IZA Journal of Migration The publication costs for IZA Journal of Migration are covered by IZA – Institute for the Study of Labor, so authors do not need to pay an article-processing charge.
Journal of Advanced Ceramics The open access fees (article-processing charges) for this journal are kindly sponsored by the State Key Laboratory of New Ceramics and Fine Processing at Tsinghua University. Authors can publish in the journal without any additional charges
Journal of Analytical Science and Technology The publication costs for Journal of Analytical Science and Technology are covered by the journal, so authors do not need to pay an article-processing charge.
Journal of Children’s Orthopaedics The Journal of Children’s Orthopaedics – the official journal of the European Paediatric Orthopaedic Society (EPOS). The Article Processing Charges (APC) are fully sponsored by EPOS.
Journal of Chinese Management The publication costs for Journal of Chinese Management are covered by the China Association for Social & Economic System Analysis Research, so authors do not need to pay an article-processing charge
Journal of Economic Structures Message on journal home page: Due to a generous grant by the Japan Society for the Promotion of Science (JSPS), we will waive article processing charges (APCs) for all accepted articles in the Journal of Economic Structures. The Official Journal of the Pan-Pacific Association of Input-Output Studies (PAPAIOS). Message under Fees and funding: The publication costs for Journal of Economic Structures are covered by Pan-Pacific Association of Input-Output Studies (PAPAIOS), so authors do not need to pay an article-processing charge.
Journal of Global Entrepreneurship Research Society affiliation: Journal of Global Entrepreneurship Research is affiliated with the Faculty of Entrepreneurship and the UNESCO Chair in Entrepreneurship at the University of Tehran. The publication costs for Journal of Global Entrepreneurship Research are covered by the University of Tehran, so authors do not need to pay an article-processing charge.
Journal of Industrial Engineering International The journal is associated with the Islamic Azad University (IAU). It enjoys the full support of the IAU, who provide funds to cover all costs of publication, including the Article Processing Charges (APC’s) for all authors. Therefore the journal is both free to read and free to publish in for everyone.
Journal of International Humanitarian Action The publication costs for Journal of International Humanitarian Action are covered by the Network On Humanitarian Action, so authors do not need to pay an article-processing charge.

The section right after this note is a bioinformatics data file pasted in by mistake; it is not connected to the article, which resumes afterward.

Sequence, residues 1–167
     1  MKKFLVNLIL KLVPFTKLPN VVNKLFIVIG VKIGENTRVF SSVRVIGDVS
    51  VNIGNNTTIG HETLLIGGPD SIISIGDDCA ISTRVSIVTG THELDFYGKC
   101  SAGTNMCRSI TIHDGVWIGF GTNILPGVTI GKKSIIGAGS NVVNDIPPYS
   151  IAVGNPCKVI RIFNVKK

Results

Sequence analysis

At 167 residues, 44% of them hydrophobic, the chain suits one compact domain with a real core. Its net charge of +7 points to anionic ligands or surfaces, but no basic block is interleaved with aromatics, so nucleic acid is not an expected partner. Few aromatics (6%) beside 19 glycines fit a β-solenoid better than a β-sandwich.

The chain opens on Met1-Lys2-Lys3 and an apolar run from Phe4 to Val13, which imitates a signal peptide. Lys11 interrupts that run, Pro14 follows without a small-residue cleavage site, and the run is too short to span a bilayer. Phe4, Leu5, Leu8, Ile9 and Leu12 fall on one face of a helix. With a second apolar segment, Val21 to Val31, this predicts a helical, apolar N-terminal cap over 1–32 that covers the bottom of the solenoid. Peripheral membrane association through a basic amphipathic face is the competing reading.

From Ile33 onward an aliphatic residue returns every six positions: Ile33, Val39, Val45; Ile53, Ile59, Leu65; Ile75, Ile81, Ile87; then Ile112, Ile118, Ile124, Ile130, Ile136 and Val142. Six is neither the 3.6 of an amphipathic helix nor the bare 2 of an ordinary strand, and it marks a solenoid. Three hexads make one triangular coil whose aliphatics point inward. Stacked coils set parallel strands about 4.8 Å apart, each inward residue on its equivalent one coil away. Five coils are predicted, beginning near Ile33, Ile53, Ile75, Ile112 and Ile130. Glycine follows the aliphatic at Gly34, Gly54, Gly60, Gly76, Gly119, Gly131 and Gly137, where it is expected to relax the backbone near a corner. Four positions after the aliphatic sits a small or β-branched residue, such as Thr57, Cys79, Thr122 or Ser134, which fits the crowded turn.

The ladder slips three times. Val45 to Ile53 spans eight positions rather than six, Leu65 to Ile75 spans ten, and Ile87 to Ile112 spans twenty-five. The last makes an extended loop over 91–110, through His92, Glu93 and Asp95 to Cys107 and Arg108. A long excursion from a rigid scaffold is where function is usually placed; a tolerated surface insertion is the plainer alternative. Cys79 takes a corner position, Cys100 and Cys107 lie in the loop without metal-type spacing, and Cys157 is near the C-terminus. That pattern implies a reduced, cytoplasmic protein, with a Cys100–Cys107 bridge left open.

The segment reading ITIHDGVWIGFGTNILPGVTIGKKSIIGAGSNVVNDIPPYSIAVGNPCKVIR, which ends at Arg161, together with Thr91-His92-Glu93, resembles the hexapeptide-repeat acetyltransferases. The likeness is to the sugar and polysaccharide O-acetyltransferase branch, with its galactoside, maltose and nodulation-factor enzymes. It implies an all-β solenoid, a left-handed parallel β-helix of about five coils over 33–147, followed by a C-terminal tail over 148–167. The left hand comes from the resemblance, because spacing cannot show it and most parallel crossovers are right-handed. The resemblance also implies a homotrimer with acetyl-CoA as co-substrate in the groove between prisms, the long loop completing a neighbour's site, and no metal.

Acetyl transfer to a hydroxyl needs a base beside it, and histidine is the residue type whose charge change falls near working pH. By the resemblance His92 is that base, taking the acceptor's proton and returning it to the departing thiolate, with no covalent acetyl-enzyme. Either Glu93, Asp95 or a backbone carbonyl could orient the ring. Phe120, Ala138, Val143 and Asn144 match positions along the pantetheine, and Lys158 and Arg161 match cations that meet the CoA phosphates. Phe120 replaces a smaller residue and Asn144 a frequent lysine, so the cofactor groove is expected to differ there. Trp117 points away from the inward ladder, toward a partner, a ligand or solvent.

Journal of Modern Power Systems and Clean Energy Open access sponsored by the State Grid Electric Power Research Institute
Journal of Modern Transportation fully sponsored: Southwest Jiaotong University
Journal of Nanostructure in Chemistry The journal is associated with the Islamic Azad University (IAU). It enjoys the full support of the IAU, who provide funds to cover all costs of publication, including the Article Processing Charges (APC’s) for all authors. Therefore the journal is both free to read and free to publish in for everyone.
Journal of Organization Design The publication costs for Journal of Organization Design are covered by the Organizational Design Community, so authors do not need to pay an article-processing charge. This has been made possible by a generous grant from the Department of Management, Aarhus University.
Journal of Orthopaedics and Traumatology The open access fees for this journal are kindly sponsored by the Italian Society of Orthopaedics and Traumatology. By publishing with open access you can keep the copyright.
Journal of Petroleum Exploration and Production Technology The Journal of Petroleum Exploration and Production Technology is a quarterly Open Access journal (supported by King Abdulaziz City for Science and Technology)
Journal of Theoretical and Applied Physics It is fully supported by the Islamic Azad University, who provide funds to cover all costs of publication, including the Article Processing Charges (APC’s) for all authors. Therefore the journal is both free to read and free to publish in.
Journal of Uncertainty Analysis and Applications The publication costs for Journal of Uncertainty Analysis and Applications are covered by the International Consortium for Uncertainty Theory (ICUT) and Hebei University of Engineering, so authors do not need to pay an article-processing charge.
Large-scale Assessments in Education The publication costs for Large-scale Assessments in Education are covered by IEA-ETS Research Institute, so authors do not need to pay an article-processing charge
Latin American Economic Review The open access fees (article-processing charges) for this journal are kindly sponsored by CIDE. Authors can publish in the journal without any additional charges. CIDE =(Centro de Investigación y Docencia Económicas)
Life Sciences, Society and Policy The publication costs for Life Sciences, Society and Policy are covered by Centre for Society and the Life Sciences, Radboud University, the Netherlands and Economic and Social Research Council, Genomics Network, UK, so authors do not need to pay an article-processing charge.
Materials for Renewable and Sustainable Energy supported by King Abdulaziz City for Science and Technology.
Mathematical Sciences The journal is associated with the Islamic Azad University (IAU). It enjoys the full support of the IAU, who provide funds to cover all costs of publication, including the Article Processing Charges (APC’s) for all authors. Therefore the journal is both free to read and free to publish in for everyone.